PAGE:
We arrived around 9 o’clock in the morning and there were just a few cars parked by the entrance. At noon, the place was packed. So, again, come early to beat the rush! Also, it’s worth mentioning that there are several nearby restaurants. The restaurants are along the narrow road just outside Las Pozas and they offer splendid views of the valley, as well as great local dishes.


The Not-So-Good

Off the beaten path  Huasteca Potosina is fairly unknown to both international and Mexican tourists. The lack of people, the sense of nature, the almost nonexistent Internet connection, and the chance to explore made this place special to us. While these qualities were huge pluses for our family, they could be huge drawbacks to others.

There are very few decent hotels, and dining options are also limited, and as I mentioned regarding the Tamul waterfall, there are many chunks of road that are challenging, to say the least.


Good to Know

A place to lay your head  If you travel by public transport, your best bet would be to stay in Ciudad Valles, El Naranjo, or Xilitla to explore the region from there. Ciudad Valles is known as a gateway to the region’s caves and cascades, and offers the best accommodations. You can get a day tour from one of many of the city’s agencies to see the waterfalls and caves, or you can hire a taxi to explore the area.

Keep in mind that El Salto and El Salto del Meco are located pretty far from the main towns; it takes approximately three hours (if not more) to get to those falls. What’s more, Google says it takes only two hours from Ciudad Valles to the farthest waterfall, Cascada El Salto, but believe me, if you make it in three hours, you’re lucky. So most people who go there on a day tour spend just a few hours at the waterfall before they have to hop on a minivan to come back to the city. I’d recommend hiring a taxi or renting a car if you prefer to take your time.

The optimal solution for accommodations is to spend a night in the little town Naranjo, but once again, hotel options are limited, and during high season they’re hard to get at all. 

Furthermore, when booking a room, make sure there’s hot water! Believe it or not, sometimes you have to ask for it.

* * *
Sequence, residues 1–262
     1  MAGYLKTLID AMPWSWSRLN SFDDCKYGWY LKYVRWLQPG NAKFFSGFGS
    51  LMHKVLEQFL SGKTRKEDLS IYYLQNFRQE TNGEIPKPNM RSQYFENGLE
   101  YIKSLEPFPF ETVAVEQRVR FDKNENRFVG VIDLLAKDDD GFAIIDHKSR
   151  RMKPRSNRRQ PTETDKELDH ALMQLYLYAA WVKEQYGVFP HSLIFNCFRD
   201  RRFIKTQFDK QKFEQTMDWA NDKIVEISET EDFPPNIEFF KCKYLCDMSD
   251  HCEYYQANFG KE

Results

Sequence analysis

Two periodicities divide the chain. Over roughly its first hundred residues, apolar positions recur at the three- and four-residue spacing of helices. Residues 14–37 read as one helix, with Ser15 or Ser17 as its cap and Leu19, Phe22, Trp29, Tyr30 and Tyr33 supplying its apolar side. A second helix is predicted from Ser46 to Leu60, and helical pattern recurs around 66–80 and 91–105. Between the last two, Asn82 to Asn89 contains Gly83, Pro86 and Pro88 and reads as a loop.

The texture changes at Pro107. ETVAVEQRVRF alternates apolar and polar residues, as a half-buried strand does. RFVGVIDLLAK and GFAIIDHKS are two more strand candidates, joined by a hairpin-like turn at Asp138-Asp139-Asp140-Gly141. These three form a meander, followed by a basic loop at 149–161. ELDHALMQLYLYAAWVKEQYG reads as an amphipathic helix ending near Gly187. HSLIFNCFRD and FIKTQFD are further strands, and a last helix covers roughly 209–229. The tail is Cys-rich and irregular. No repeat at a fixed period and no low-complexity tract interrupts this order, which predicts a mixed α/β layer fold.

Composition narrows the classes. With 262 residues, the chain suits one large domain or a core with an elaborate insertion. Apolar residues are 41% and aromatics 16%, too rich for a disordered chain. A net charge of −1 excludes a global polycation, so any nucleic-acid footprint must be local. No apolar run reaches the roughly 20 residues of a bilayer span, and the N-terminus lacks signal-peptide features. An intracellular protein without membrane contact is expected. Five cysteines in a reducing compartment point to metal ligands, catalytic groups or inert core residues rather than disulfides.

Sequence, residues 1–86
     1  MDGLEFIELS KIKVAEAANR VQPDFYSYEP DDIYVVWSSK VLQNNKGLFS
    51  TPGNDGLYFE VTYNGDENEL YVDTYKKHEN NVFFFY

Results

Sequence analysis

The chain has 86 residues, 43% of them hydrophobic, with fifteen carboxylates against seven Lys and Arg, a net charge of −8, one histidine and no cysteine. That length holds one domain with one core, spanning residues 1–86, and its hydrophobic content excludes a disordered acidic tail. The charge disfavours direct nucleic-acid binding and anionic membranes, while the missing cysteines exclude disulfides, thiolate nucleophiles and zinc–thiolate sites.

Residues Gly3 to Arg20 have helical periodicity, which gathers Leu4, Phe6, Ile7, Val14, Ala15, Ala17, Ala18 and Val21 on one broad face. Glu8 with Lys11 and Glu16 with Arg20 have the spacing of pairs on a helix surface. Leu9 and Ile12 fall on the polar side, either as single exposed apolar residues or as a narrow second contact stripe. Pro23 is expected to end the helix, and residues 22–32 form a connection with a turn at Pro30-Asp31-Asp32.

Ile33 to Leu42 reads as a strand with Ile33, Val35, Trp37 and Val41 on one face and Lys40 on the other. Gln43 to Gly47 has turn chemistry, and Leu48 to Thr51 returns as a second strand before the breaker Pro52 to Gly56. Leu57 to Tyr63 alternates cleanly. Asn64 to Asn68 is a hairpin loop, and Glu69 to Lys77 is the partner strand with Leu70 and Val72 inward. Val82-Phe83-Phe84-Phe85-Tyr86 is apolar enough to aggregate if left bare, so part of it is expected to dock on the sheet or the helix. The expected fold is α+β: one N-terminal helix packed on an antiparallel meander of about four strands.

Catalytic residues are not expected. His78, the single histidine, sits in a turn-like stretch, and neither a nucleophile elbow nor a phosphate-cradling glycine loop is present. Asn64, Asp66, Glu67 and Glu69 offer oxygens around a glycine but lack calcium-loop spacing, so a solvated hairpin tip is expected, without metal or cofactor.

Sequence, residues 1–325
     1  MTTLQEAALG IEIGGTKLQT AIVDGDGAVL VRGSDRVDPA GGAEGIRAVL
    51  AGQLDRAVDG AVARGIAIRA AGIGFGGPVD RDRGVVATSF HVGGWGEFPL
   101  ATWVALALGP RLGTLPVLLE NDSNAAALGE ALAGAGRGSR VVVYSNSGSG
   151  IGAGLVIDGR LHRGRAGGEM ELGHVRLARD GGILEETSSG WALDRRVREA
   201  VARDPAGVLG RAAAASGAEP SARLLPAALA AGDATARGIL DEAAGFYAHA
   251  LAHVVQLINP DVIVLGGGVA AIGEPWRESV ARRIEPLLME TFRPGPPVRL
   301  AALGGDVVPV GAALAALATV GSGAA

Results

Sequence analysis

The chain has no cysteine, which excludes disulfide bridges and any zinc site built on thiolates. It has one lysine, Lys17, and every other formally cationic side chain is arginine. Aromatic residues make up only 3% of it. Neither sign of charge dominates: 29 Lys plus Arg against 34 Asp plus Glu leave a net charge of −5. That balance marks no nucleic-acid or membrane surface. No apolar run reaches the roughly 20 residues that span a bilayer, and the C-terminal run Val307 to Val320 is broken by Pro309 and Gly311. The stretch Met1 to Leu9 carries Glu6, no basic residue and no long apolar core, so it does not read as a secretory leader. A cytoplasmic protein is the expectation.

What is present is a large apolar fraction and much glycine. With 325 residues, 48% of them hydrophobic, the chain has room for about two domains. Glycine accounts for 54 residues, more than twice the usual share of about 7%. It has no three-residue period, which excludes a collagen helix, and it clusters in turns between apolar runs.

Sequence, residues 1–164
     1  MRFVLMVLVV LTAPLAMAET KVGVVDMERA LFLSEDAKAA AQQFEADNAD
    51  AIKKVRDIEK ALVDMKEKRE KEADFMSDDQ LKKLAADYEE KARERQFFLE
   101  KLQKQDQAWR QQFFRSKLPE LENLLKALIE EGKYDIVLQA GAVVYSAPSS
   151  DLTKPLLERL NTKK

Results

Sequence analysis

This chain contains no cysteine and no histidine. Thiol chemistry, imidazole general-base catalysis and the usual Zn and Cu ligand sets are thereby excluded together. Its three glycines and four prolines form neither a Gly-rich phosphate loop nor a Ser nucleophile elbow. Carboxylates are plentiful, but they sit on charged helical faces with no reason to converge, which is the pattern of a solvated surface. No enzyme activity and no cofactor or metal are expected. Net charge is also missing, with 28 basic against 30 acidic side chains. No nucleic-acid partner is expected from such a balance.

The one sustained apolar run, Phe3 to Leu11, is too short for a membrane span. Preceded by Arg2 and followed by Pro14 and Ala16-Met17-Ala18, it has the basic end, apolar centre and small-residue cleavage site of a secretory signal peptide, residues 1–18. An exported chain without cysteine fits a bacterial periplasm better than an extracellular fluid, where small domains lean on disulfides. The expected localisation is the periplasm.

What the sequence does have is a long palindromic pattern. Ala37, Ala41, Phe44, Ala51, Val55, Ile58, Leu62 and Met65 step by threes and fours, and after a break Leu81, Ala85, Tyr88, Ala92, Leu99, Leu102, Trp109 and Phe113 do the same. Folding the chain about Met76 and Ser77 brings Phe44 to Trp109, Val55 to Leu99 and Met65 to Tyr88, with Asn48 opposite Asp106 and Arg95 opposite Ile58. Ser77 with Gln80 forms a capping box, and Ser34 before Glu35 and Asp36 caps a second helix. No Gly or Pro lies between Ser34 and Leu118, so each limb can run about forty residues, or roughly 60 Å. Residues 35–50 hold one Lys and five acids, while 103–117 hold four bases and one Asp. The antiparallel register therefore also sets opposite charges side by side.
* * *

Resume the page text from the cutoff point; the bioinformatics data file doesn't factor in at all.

Remember the phone? Use it.  If you’re used to booking your sleeping accommodations through a travel website, bear in mind that what you see there is only a fraction of what’s available here. There are many more options, and you can find them on Google Maps. An old-fashioned call to reserve a room can sometimes be the most effective option. The hotels we found were far from top-notch, but they were good enough to spend a night in. Since GoogleMaps is commonly used in the area (perhaps to avoid booking fees?), the comments under each hotel usually explain the price and quality of each hotel, and Google translates all the Spanish reviews to English. To be able to make calls in Mexico, we purchased local SIM cards that worked well throughout the country. (We used Telcel.)

And almost every waterfall has a campground nearby. Honestly, it’s hard to find a more picturesque place to camp. If you gear up, you’ll have one of the most epic camping trips of your life. I guarantee it.


Get wheels  Plan ahead and rent a car in Mexico City so you can explore at your own pace, and you’re not dependent on tour operators.


How long?  I recommend spending at least five days in Huasteca Potosina, allowing yourself at least a day for each waterfall. We spent about five days exploring the cascades and three days in Xilitla before heading toward San Miguel de Allende. 


Liliia DeCos  – July 2021

ROAM Executive Editor

Originally from Ukraine and now based in Spain, Liliia has traveled literally across the world with her husband Jose and their two young daughters. Follow their intrepid walkabouts at bring_baby_abroad and see Liliia’s amazing photos on Instagram at bring_baby_abroad or on ROAM where she won Best Family Photo of 2019